Developers and construction companies in North Carolina and around the country sign an extensive array of contracts when preparing for an upcoming project. However, disputes can still arise, especially if cost overruns, project delays or other problems threaten to delay a project. If these disputes lead to litigation, the construction project may be delayed even further and the parties may face greater expenses. Therefore, resolving construction disputes and devising contractual provisions to deal with problems are often major priorities.
Construction disputes in North Carolina and around the country are most often rooted in changes made to a project after work has begun, according to an international consulting firm. HKA's latest CRUX Insight report, which was published on Nov. 29, is based on an analysis of 700 construction projects with combined budgets of about $1 trillion. The firm noticed that disagreements between contractors and their clients over design-related issues have now become as common as contract disputes.
A well-drafted construction contract in North Carolina will include the price for the work and the terms of payment. Foreseeable risks should also be addressed to protect both parties. It's important for everyone involved in the agreement to understand exactly what they are committing themselves to because once it's signed, the contract usually cannot be changed.
Few things can derail home remodeling projects or grind commercial development projects to a halt like construction contract disputes. When these disputes arise, time is wasted, which means money is wasted. To get the best results when dealing with a construction contract dispute, you should protect your interests.
Commercial lease agreements in North Carolina and around the country often include terms that limit noise or other disruptive behavior, and tenants may face legal consequences when these conditions are ignored. An office building landlord in California recently filed a breach of contract lawsuit against the coworking company WeWork because other tenants complained about construction noise that was allegedly so loud it made conducting normal business impossible. The litigation is the latest in a string of setbacks for WeWork that began in August with a failed initial public offering.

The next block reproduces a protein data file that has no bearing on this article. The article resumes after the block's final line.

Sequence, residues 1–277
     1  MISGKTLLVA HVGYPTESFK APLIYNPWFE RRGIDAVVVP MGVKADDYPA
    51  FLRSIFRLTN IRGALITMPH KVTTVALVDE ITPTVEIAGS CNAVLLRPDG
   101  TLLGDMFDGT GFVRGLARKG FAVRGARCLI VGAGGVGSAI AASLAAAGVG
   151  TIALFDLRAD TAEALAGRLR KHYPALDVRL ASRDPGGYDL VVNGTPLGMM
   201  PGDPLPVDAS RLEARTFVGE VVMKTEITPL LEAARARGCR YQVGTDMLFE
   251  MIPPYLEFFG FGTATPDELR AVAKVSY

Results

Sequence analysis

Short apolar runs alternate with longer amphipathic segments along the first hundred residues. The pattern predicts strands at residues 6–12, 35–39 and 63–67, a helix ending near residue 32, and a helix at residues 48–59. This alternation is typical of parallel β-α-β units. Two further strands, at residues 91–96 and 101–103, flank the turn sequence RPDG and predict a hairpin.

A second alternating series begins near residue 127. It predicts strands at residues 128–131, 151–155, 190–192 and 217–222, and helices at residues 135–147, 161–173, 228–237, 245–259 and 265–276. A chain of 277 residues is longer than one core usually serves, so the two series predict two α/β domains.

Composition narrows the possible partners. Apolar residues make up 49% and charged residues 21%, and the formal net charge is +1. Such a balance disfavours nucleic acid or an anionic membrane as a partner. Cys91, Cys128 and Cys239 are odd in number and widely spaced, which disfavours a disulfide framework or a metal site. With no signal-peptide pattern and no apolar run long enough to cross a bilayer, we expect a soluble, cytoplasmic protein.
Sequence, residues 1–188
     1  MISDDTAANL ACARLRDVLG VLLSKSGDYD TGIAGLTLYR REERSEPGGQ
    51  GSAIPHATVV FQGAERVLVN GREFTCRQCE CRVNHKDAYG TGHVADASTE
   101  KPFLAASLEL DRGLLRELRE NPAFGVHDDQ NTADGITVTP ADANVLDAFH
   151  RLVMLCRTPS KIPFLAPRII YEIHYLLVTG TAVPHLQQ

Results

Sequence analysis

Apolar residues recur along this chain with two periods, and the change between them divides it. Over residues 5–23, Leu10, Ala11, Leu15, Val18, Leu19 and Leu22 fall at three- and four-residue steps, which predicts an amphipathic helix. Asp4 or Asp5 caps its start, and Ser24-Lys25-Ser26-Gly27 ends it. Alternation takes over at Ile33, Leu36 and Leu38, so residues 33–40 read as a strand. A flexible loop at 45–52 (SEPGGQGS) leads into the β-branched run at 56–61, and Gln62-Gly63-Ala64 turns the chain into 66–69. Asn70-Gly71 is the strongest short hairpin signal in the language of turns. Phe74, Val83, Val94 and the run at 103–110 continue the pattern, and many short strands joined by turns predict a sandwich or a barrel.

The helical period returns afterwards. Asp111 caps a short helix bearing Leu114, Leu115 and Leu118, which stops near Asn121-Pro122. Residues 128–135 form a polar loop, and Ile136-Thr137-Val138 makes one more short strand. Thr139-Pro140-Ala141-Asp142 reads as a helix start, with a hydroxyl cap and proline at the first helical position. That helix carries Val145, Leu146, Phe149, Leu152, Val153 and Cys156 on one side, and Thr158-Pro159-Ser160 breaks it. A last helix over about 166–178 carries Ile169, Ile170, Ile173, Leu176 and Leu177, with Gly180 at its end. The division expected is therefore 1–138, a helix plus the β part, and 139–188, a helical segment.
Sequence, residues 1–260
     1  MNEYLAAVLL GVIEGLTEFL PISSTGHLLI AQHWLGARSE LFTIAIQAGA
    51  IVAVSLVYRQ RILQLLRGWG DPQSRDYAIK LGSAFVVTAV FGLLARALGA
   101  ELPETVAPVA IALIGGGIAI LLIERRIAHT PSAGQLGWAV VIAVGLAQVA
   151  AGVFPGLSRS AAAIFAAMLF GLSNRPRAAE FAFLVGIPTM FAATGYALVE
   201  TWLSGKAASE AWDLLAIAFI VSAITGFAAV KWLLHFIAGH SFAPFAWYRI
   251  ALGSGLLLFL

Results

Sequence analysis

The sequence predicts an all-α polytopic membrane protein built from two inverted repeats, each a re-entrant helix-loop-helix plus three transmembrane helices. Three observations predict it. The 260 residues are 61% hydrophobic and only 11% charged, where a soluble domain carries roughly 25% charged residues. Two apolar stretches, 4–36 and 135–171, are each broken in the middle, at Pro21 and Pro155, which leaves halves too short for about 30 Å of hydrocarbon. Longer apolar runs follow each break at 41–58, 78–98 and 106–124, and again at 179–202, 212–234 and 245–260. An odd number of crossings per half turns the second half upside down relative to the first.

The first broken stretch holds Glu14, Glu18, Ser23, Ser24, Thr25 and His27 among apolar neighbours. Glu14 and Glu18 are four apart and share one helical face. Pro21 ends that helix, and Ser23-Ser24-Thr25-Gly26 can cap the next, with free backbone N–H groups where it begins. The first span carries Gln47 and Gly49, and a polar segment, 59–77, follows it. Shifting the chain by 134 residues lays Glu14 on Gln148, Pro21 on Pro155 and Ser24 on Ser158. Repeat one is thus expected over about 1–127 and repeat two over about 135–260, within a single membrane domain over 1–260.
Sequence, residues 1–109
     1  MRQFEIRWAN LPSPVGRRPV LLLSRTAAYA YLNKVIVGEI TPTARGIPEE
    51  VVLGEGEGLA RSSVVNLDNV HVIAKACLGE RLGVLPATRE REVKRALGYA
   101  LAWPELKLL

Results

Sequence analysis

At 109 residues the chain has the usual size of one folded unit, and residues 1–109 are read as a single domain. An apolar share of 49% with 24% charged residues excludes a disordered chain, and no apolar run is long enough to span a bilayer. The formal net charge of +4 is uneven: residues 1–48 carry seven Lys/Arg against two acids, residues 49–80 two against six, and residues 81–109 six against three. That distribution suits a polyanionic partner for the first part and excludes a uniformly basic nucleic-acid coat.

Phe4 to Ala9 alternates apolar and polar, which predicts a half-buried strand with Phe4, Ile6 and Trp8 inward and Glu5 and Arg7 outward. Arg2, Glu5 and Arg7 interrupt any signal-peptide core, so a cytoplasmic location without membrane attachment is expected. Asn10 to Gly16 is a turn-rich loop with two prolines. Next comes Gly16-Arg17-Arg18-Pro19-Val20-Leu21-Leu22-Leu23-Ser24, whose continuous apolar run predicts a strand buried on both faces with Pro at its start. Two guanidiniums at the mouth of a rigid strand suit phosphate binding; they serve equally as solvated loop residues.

Buying a foreclosed home can help you save money on the purchase, which is a real plus to real estate investors and house-flippers. However, these transactions are quite different from traditional home sales, and it's important that you enter into the process fully informed. Forbes explains a few things you should expect when buying a foreclosed home
Closing on the home of your dreams is an exhilarating experience, that is until something goes horribly wrong. Unfortunately, there are a lot of issues that can prevent a closing from going through, and it's important that you're prepared for any last-minute hangups to ensure you're able to purchase the home you've chosen. Zillow.com explains a few of the most common closing issues and what you can do to avoid them.
Non-disclosure agreements (NDAs) are an essential component of doing business for many entrepreneurs. The sharing of information is often necessary when hiring new employees or taking steps to find funding, but you want to rest assured that your valuable ideas are kept secure. The following are a few instances where having a valid and binding NDA is an absolute must.
Contracts are the lifeblood of contractors in North Carolina, but as with any agreement between two or more parties, there is always the chance that something will go wrong. To protect yourself in case of a breach claim, you may want to consider alternative dispute resolution methods that may keep you out of the courtroom should a problem crop up. At Triangle Law Group, our team is well-versed in construction contracts and ways that contractors can minimize the risk of litigation.
When homeowners or property owners commission a construction project, they often have high expectations. If there are any delays on the project, it is easy for both parties to grow stressed and perhaps even pursue legal action.